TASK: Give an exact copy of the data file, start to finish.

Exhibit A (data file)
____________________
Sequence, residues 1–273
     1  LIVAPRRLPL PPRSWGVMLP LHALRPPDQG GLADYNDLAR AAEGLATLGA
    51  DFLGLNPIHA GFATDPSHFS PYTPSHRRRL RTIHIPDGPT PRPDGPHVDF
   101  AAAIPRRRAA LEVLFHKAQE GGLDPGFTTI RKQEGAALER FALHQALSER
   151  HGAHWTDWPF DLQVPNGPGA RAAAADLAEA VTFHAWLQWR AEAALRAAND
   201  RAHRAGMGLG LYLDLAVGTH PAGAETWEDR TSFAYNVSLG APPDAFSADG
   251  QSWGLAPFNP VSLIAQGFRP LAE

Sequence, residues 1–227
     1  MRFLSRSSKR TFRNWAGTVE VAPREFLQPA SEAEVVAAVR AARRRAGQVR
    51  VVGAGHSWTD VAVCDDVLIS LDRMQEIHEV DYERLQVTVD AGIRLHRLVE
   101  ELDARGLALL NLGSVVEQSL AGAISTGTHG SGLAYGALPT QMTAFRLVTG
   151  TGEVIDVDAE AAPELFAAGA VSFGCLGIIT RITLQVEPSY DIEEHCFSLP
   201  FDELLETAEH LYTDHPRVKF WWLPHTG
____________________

Sequence, residues 1–273
     1  LIVAPRRLPL PPRSWGVMLP LHALRPPDQG GLADYNDLAR AAEGLATLGA
    51  DFLGLNPIHA GFATDPSHFS PYTPSHRRRL RTIHIPDGPT PRPDGPHVDF
   101  AAAIPRRRAA LEVLFHKAQE GGLDPGFTTI RKQEGAALER FALHQALSER
   151  HGAHWTDWPF DLQVPNGPGA RAAAADLAEA VTFHAWLQWR AEAALRAAND
   201  RAHRAGMGLG LYLDLAVGTH PAGAETWEDR TSFAYNVSLG APPDAFSADG
   251  QSWGLAPFNP VSLIAQGFRP LAE

Sequence, residues 1–227
     1  MRFLSRSSKR TFRNWAGTVE VAPREFLQPA SEAEVVAAVR AARRRAGQVR
    51  VVGAGHSWTD VAVCDDVLIS LDRMQEIHEV DYERLQVTVD AGIRLHRLVE
   101  ELDARGLALL NLGSVVEQSL AGAISTGTHG SGLAYGALPT QMTAFRLVTG
   151  TGEVIDVDAE AAPELFAAGA VSFGCLGIIT RITLQVEPSY DIEEHCFSLP
   201  FDELLETAEH LYTDHPRVKF WWLPHTG